A group of researchers from the University of Cologne has developed an entirely novel approach to treating eating disorders that may be the key to finally controlling such harmful impulses, according to a press release published by the institution on Thursday.
The neurons that stimulate food intake
Using mouse models, the researchers showed that a group of nerve cells in the hypothalamus (so-called AgRP, agouti-related peptide neurons) control the release of endogenous lysophospholipids, which in turn control the excitability of nerve cells in the cerebral cortex, which stimulate food intake.
The scientists further deduced that AgRP neurons located in the hypothalamus could trigger sensations of hunger when activated. In this research, AgRPs were also linked to an enzyme in the brain called autotaxin (ATX).
Through intensive study, the researchers found that by inhibiting ATX in mice, they could control food cravings in the animals.
“We saw a significant reduction in excessive food intake and obesity through gene mutation and pharmacological inhibition of ATX,” said in the statement Johannes Vogt, a professor at the Faculty of Medicine at the University of Cologne in Germany.
In this process, the crucial step of the signaling pathway is controlled by the ATX, which is responsible for the production of lysophosphatidic acid (LPA) in the brain as a modulator of network activity. The researchers, therefore, concluded that the administration of autotaxin inhibitors could possibly significantly reduce both excessive food intake after fasting and obesity in animals.
“The data shows that people with a disturbed synaptic LPA signaling pathway are more likely to be overweight and suffer from type II diabetes. This is a strong indication of a possible therapeutic success of ATX inhibitors, which we are currently developing together with the Hans Knöll Institute in Jena for use in humans,” said neuroscientist Robert Nitsch from the University of Münster in Germany.
It’s still early for the research but the first results delivered are indeed promising. This latest study could be an important first step in efforts to control eating disorders and obesity through the use of targeted drugs.
So far, any such efforts have largely failed. The new approach, however, shows promise for also helping in treating various neurological and psychiatric illnesses.
The researchers are now working on developing a series of ATX-blocking drugs for future testing on overweight individuals. And the researchers won’t have to look very far to find test subjects.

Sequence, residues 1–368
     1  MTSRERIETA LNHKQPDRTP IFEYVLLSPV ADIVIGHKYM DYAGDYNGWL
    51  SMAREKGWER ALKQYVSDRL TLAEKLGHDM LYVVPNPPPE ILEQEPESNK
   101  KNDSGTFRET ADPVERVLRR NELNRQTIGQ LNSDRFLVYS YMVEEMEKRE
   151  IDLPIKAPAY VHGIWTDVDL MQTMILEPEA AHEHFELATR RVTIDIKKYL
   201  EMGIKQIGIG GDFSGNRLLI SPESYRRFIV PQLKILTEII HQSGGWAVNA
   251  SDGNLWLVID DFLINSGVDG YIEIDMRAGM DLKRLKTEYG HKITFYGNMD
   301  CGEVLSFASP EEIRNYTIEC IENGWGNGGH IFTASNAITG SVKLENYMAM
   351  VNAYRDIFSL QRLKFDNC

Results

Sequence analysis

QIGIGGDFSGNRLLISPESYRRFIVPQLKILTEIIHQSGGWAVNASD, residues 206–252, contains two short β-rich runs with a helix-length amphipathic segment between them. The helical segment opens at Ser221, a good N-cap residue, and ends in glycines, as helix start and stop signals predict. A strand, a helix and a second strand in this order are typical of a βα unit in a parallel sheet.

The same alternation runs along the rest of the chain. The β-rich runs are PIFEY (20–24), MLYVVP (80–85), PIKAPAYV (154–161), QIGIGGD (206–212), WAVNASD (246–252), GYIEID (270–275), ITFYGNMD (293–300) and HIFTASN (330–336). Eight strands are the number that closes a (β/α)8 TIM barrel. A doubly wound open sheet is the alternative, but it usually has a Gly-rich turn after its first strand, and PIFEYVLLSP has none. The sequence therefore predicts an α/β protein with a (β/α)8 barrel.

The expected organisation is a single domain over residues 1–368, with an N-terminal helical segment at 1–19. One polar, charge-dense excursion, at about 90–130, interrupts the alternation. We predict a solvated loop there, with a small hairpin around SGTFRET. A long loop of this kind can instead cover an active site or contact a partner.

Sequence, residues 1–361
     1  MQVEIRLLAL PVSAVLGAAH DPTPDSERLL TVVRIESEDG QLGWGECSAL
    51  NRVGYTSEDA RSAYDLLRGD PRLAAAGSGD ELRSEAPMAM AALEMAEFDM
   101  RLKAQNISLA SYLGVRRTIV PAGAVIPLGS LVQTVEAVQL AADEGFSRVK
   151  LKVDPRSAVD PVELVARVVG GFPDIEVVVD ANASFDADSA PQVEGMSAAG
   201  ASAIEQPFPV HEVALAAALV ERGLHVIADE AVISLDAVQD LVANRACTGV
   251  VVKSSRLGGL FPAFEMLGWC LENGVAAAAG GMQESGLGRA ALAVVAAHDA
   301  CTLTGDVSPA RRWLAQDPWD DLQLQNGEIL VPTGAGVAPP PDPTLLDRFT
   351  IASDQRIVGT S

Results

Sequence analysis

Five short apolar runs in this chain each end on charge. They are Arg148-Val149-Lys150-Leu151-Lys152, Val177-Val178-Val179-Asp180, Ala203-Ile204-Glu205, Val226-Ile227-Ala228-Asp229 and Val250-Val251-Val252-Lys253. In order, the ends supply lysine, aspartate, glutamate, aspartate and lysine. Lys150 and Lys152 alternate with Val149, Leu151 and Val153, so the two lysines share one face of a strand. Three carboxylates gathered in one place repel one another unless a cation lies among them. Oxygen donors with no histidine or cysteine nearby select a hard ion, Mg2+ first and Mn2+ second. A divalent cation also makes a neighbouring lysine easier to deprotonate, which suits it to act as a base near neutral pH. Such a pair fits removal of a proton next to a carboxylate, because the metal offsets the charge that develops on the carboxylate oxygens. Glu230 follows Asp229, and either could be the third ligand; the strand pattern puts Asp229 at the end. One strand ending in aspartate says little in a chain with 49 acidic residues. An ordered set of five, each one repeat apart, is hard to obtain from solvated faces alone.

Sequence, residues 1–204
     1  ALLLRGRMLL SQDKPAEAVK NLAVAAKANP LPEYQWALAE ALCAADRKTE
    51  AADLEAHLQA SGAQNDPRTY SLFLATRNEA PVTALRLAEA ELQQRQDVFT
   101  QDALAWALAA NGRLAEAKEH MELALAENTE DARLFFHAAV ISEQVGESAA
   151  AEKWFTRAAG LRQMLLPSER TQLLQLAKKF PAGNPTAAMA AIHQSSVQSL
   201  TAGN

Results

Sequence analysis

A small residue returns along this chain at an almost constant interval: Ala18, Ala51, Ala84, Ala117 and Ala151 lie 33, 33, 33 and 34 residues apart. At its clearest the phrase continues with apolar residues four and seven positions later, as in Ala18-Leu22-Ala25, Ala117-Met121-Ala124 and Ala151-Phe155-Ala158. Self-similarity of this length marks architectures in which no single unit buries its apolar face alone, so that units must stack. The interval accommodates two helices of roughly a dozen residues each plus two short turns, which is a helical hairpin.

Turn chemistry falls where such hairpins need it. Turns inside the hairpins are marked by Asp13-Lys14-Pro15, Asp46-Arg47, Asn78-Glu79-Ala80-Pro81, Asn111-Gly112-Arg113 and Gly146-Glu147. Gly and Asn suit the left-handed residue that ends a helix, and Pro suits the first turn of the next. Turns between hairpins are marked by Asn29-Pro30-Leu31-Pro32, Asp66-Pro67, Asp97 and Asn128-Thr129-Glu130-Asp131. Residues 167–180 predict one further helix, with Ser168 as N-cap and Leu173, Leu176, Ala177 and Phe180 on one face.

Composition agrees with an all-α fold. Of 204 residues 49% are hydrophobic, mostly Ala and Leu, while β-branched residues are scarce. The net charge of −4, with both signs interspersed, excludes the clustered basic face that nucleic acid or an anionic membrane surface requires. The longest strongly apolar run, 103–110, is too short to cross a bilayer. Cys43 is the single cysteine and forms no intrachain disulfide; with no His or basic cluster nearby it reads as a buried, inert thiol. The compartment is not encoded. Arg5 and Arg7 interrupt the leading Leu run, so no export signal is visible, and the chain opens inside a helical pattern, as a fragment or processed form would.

The Robert Koch Institute reported in 2021 that 67 percent of men and 53 percent of women in Germany are overweight, with 23 percent of adults being severely overweight (obese). This is extremely problematic when considering that obesity can lead to many significant health conditions and can even interfere with the treatment of cancer.
Could this be the treatment we have been waiting for?
The study is published in the journal Nature.
Phospholipid levels are influenced by peripheral metabolism. Within the central nervous system, synaptic phospholipids regulate glutamatergic transmission and cortical excitability. Whether changes in peripheral metabolism affect brain lipid levels and cortical excitability remains unknown. Here, we show that levels of lysophosphatidic acid (LPA) species in the blood and cerebrospinal fluid are elevated after overnight fasting and lead to higher cortical excitability. LPA-related cortical excitability increases fasting-induced hyperphagia, and is decreased following inhibition of LPA synthesis. Mice expressing a human mutation (Prg-1R346T) leading to higher synaptic lipid-mediated cortical excitability display increased fasting-induced hyperphagia. Accordingly, human subjects with this mutation have higher body mass index and prevalence of type 2 diabetes. We further show that the effects of LPA following fasting are under the control of hypothalamic agouti-related peptide (AgRP) neurons. Depletion of AgRP-expressing cells in adult mice decreases fasting-induced elevation of circulating LPAs, as well as cortical excitability, while blunting hyperphagia. These findings reveal a direct influence of circulating LPAs under the control of hypothalamic AgRP neurons on cortical excitability, unmasking an alternative non-neuronal route by which the hypothalamus can exert a robust impact on the cortex and thereby affect food intake.